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Chapter 6
True Democracy: The Demos, the Fourth Branch of Government

As discussed in the previous chapter, to place political power directly into the hands of the entire electorate so that it may function as a political whole, a new political body, the demos, is created and added to our government as a fourth branch. The four branches of our government would be, therefore, the judicial, the executive, the legislative, and the demos.

Our Constitution limits federal powers to only those specified by the Constitution. All unspecified powers remain with the states or with private individuals. In a similar manner, the demos would possess only those powers specified to it by one or more new amendments to the Constitution. All other federal powers would remain with the three current branches. The nature and limits of the powers specified for the demos would be such that it could not overpower and destroy the other three branches but would compliment and counterbalance them.

The word demos is defined as a noun meaning 1) the common people of an ancient Greek state, and 2) the common people; populace.

I named the new branch of government the demos since it is constituted of the entire electorate participating in a direct democratic process. Instead of the dictionary pronunciation dēmos with a long “e,” here the word is pronounced as in the word dĕmocrat. The demos may be thought of as “we the people”1 because the electorate participating within it would be constituted of all of-age, able members of the populace.

This book presents new definitions for the word demos. The principal new definition is as follows:

A demos is a direct democracy branch of a government consisting of a nationwide electronic network in which an electorate consisting of all of-age, able citizens practices consensus democracy by deliberating, voting, and achieving consensus on a fixed set of a nation’s key economic and electoral issues, setting economic values the government and the nation must use as they function and electing to the representative branches of the government bodies of officeholders that demographically resemble the entire electorate and truly represent the entire body of citizens.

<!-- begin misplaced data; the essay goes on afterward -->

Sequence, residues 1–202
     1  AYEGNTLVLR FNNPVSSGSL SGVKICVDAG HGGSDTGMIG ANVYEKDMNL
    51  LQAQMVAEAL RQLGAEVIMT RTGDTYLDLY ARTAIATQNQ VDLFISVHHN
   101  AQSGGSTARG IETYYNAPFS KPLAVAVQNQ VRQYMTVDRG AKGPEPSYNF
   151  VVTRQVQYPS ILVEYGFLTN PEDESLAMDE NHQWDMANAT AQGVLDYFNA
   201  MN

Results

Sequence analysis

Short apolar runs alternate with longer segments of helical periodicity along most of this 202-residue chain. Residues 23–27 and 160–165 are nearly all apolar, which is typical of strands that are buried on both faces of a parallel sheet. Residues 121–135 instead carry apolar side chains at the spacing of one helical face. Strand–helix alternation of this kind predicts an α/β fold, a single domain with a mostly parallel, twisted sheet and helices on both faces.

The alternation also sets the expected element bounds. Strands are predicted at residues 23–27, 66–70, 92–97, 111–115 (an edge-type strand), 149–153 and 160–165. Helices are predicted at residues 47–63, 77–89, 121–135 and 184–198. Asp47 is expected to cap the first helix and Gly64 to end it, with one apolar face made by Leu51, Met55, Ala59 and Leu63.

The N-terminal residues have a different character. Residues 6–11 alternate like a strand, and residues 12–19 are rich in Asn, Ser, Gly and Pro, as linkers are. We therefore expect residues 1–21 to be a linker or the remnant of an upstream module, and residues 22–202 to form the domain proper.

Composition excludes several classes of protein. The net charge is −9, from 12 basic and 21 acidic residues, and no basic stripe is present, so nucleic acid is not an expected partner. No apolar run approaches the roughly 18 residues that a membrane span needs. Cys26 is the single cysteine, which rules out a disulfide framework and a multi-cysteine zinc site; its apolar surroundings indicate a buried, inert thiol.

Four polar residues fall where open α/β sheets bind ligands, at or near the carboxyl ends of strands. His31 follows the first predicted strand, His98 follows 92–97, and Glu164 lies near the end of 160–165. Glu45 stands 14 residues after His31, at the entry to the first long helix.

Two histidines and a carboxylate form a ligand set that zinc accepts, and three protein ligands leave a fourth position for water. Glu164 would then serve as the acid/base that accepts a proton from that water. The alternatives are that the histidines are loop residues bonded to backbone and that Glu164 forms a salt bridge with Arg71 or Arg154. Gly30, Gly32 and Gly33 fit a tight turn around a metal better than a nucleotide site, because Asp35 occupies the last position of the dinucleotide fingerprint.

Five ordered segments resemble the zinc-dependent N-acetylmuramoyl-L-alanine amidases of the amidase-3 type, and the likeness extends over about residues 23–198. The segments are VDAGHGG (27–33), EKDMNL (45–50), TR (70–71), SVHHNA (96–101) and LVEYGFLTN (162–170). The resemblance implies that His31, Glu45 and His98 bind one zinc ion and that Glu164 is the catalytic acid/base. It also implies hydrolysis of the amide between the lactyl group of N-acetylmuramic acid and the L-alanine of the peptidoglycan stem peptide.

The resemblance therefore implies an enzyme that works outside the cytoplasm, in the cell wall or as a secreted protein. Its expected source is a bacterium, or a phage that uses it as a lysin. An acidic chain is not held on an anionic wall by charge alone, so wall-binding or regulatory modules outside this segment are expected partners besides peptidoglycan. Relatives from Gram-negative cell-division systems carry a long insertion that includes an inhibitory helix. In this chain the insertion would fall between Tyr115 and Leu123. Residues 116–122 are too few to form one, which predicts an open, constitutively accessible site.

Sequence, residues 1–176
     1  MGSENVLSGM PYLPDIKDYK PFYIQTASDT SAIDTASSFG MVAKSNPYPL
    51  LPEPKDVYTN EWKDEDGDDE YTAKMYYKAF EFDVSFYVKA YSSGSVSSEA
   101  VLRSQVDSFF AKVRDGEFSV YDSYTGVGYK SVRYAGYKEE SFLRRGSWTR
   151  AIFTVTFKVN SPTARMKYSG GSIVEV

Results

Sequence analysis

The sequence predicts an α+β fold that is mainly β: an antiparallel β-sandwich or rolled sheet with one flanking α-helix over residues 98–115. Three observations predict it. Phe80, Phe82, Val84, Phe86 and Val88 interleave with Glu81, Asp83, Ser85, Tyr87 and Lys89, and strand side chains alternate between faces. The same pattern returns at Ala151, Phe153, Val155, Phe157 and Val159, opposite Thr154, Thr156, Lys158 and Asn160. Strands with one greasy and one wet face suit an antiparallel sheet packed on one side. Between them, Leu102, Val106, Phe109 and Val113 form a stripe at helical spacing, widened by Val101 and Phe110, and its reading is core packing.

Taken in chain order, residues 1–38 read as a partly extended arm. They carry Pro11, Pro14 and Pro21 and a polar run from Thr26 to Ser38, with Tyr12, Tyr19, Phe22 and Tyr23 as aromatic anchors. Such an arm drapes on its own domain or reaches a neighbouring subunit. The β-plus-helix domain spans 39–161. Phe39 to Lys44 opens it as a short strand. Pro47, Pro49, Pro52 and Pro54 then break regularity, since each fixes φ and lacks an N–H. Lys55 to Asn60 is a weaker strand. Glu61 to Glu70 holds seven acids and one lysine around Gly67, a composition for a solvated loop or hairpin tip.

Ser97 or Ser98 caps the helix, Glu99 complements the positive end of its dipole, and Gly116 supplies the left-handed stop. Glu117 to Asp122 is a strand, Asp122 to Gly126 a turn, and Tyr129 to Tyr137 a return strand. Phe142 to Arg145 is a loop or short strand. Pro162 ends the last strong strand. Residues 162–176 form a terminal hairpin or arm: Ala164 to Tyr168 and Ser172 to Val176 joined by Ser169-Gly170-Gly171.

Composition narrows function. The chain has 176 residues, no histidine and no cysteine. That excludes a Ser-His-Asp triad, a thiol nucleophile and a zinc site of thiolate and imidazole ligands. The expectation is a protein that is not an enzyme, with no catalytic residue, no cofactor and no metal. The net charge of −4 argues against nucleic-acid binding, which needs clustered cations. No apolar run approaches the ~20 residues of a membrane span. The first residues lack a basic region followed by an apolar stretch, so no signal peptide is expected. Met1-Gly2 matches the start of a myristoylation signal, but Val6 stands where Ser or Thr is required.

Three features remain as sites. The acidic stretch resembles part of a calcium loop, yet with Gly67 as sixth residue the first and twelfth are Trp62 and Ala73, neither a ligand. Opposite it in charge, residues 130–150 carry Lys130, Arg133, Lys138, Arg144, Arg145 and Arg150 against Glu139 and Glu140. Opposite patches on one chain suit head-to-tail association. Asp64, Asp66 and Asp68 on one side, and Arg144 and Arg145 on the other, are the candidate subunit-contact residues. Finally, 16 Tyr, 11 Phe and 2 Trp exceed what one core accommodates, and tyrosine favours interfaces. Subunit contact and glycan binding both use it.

The term consensus in the above definition has a very specific meaning. In the demos the electorate does not practice the winner-take-all, majority-rule democracy of old in which the simple majority vote wins and all others lose but a new kind of democracy I call consensus democracy designed specifically to always achieve the consensus of the entire electorate. How consensus democracy achieves the consensus of the entire electorate will be discussed in detail later.

A less precise but simpler definition of the word demos for a tiny dictionary might read:

A demos is a branch of government in which all of-age citizens directly vote and achieve consensus on a fixed set of a nation’s key economic issues and elect officeholders to the representative branches of the government.

In this book the word demos may refer to an entire branch of government as in “the judicial, the executive, the legislative, and the demos.” In a more formal reference the word demos may begin with an uppercase letter as in “the Judicial, the Executive, the Legislative, and the Demos.” The word demos may refer only to the electorate of the demos as in “the consensus of the demos.” It may refer to the whole of the physical mechanisms and systems used by the electorate to conduct its consensus democracy as in “the construction of the demos has begun.” The plural form demoses is used as in “all of the world’s demoses.” The possessive form demos’ is used as in “the demos’ procedures.” The word demos is also used as an adjective as in “the demos issues.”


In the principal definition of the word demos, the phrase all of-age, able citizens could be variously interpreted. Of-age could be given various meanings by different cultures. An age somewhere within the second half of a person’s teens seems most appropriate.

The word able in the definition does not mean that a person would have to pass any kind of mental or other tests to be eligible for membership in the demos electorate, but only that the person is physically and mentally able to vote, e.g., the person is not comatose or a babbling idiot quite incapable of voting. Such determination is, of course, a legal decision that must be honestly made for medical not political or other reasons such as mere personal inconvenience.